Footage of a large crocodile swimming upstream with a cow, has gone viral after a North Queensland producer captured it on camera.
Sharing his experience on social media, beef producer Luke Quartermaine from Watson River Station, 120 kilometres south of Weipa, was surprised when his video went viral.
After checking dams and waterholes, Mr Quartermaine noticed the large crocodile while returning home in his helicopter.
“Flying over the north end of the block next to Kuracuoo River, only 35 to 40 kilometres north of the homestead, I saw a massive croc swimming upstream with a heifer in its mouth,” he said.
“I didn’t see the croc take it, but it was the biggest croc I have seen in a long time. Comparing it to the size of the heifer, it definitely wasn’t small.”
Running 4500 grey Brahmans on half of his 89,031-hectare property, Mr Quartermaine said it was difficult to count how many head he loses to crocodiles each year.
“For every cow and croc you do witness, it makes you wonder how many you don’t see,” he said.
“During the wet season we can have anything up to 65 inches [1651mm] of rain. This enables the crocs to go wherever they want.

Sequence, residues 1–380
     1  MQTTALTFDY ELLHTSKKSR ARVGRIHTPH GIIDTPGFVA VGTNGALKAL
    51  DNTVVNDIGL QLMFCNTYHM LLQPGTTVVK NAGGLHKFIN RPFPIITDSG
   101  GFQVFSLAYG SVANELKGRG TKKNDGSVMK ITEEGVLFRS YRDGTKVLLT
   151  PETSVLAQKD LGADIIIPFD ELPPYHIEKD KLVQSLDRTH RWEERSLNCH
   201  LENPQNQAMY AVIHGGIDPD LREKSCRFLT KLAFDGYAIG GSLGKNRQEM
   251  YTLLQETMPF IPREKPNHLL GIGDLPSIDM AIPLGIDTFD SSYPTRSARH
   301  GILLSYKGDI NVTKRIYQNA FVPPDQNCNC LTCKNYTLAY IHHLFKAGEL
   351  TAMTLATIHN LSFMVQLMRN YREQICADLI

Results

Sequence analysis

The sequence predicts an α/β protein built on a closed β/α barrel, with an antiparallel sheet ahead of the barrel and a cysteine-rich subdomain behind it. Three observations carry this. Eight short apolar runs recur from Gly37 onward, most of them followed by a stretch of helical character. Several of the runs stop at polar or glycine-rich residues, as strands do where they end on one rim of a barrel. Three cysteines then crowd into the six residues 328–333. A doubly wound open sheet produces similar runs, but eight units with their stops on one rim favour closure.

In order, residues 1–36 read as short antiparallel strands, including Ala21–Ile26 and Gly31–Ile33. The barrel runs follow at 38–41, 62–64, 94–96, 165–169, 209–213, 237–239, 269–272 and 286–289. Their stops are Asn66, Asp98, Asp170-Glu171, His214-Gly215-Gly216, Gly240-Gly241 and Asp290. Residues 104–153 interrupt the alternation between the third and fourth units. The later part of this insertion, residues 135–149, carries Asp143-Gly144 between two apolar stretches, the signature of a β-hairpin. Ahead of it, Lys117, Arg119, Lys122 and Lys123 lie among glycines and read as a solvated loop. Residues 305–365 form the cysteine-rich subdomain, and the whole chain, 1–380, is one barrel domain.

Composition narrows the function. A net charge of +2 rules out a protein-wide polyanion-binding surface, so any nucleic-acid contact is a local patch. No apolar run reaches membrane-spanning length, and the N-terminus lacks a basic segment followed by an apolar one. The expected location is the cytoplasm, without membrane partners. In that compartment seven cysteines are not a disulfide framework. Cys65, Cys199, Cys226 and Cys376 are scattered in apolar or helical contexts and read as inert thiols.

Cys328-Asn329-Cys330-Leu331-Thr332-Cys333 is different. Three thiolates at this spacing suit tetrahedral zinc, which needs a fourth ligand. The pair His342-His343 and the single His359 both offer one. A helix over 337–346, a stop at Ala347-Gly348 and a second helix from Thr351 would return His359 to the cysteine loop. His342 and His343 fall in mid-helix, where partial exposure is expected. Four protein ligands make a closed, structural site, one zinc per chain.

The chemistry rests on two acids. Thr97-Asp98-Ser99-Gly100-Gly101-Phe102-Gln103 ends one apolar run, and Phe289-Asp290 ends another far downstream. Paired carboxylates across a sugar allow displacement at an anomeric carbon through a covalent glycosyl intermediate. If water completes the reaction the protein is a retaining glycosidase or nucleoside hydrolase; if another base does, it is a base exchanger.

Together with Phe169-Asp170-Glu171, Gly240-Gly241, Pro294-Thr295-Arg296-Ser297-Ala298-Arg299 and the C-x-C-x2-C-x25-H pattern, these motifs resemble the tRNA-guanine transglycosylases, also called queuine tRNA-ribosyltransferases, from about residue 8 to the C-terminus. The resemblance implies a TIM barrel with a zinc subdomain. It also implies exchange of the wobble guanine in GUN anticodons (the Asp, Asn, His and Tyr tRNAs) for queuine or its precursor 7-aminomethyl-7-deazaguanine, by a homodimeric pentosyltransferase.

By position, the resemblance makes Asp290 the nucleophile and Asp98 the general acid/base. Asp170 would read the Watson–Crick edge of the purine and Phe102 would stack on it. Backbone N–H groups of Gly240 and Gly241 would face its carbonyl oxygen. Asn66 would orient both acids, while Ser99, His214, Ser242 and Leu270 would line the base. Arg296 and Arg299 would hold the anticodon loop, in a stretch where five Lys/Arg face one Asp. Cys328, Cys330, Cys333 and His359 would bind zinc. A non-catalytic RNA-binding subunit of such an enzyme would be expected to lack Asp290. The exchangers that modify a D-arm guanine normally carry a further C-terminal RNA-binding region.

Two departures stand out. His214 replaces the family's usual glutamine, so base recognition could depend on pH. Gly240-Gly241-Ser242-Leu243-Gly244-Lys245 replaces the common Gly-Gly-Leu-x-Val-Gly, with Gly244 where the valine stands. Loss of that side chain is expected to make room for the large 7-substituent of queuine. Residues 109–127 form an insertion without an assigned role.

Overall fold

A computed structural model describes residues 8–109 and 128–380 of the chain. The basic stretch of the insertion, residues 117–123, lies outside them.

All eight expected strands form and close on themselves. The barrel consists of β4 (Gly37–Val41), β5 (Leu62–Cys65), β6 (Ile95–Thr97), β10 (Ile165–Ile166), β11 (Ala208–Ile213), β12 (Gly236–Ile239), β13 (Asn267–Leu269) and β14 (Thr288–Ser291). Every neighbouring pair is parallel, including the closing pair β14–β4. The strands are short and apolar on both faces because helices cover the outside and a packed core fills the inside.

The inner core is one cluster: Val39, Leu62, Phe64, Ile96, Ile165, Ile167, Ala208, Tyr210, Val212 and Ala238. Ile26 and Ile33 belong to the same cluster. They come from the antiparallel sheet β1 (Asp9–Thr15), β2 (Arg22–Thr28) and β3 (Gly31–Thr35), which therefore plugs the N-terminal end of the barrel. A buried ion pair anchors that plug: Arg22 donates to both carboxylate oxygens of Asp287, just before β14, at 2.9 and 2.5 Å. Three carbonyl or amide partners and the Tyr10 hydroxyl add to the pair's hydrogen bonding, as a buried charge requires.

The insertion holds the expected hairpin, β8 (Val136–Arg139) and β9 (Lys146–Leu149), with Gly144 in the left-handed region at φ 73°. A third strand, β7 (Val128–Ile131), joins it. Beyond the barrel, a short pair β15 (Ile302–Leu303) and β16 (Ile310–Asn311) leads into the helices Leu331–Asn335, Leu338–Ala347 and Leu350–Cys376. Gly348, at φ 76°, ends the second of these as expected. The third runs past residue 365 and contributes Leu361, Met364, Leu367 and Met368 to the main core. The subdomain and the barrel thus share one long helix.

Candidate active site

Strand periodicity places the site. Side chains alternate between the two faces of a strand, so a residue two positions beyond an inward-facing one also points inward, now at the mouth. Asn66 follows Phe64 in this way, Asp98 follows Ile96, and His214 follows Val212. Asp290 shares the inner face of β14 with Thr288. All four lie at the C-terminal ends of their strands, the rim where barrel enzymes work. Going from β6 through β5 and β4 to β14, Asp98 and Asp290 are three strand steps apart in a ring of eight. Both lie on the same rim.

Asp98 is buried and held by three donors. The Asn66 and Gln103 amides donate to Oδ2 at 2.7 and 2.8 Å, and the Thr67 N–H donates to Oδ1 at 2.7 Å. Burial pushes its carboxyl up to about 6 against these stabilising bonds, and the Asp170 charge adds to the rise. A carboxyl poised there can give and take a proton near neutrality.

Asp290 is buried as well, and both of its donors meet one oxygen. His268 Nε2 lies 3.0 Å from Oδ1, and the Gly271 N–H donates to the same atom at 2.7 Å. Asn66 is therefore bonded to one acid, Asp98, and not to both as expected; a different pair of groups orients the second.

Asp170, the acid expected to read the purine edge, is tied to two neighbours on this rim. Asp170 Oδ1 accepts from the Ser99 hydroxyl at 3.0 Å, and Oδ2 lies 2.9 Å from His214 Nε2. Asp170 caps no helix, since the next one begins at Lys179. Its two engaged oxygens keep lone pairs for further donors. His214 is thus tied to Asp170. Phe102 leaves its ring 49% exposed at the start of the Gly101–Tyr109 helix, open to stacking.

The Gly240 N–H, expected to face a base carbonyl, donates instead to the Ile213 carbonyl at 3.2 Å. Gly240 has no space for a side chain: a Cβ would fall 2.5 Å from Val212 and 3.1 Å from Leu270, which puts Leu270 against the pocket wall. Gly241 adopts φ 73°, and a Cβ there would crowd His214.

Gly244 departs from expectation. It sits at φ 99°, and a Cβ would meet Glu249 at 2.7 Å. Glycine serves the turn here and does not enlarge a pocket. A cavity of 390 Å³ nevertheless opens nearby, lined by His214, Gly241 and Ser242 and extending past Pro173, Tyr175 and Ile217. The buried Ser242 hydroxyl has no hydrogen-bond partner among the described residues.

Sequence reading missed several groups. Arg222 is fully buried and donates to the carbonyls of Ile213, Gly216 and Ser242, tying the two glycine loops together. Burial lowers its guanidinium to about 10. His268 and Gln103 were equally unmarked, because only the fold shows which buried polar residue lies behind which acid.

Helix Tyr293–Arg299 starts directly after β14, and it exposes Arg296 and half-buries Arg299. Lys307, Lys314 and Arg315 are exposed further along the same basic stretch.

“In the wet season we distribute wet season supplement lick and you always have to watch your back in case there is a croc just sitting there waiting for you.
“Every small puddle or big puddle, you can almost guarantee there is a croc in it – we see them everywhere.
“Crocs are definitely becoming an issue for beef producers, but it is not just us. Anyone who has something to do with the land is affected by crocs.
“I have heard of producers losing working dogs and livestock and I am all for a cull because it is getting really bad and affecting people’s livelihood.”
This is the second video that has surfaced of a croc taking a cow in northern Australia, with a similar incident taking place in the Kimberley in July.
AgForce Senior Policy Adviser Andrew Freeman said the video highlighted that crocodiles not only pose a threat to human life in North Queensland but also to livestock.
“Communities across North Queensland are consistently reporting significant increases in crocodile numbers, with many waterways now infested with crocodiles,” he said.
“Many landholders adjacent to waterways known to contain crocodiles recognise the risk and when operations are required will maintain spotters to watch for and repel crocodiles.
“In addition to the potential loss of working dogs, calves and cows, there is also a risk to human life when servicing submersible water pumps in high risk watercourses and dams, and the presence of crocodiles increase the difficulty of treating water weed infestations.
“With this in mind, AgForce supports efforts to better manage crocodiles to minimise risks to human life and potential stock losses.”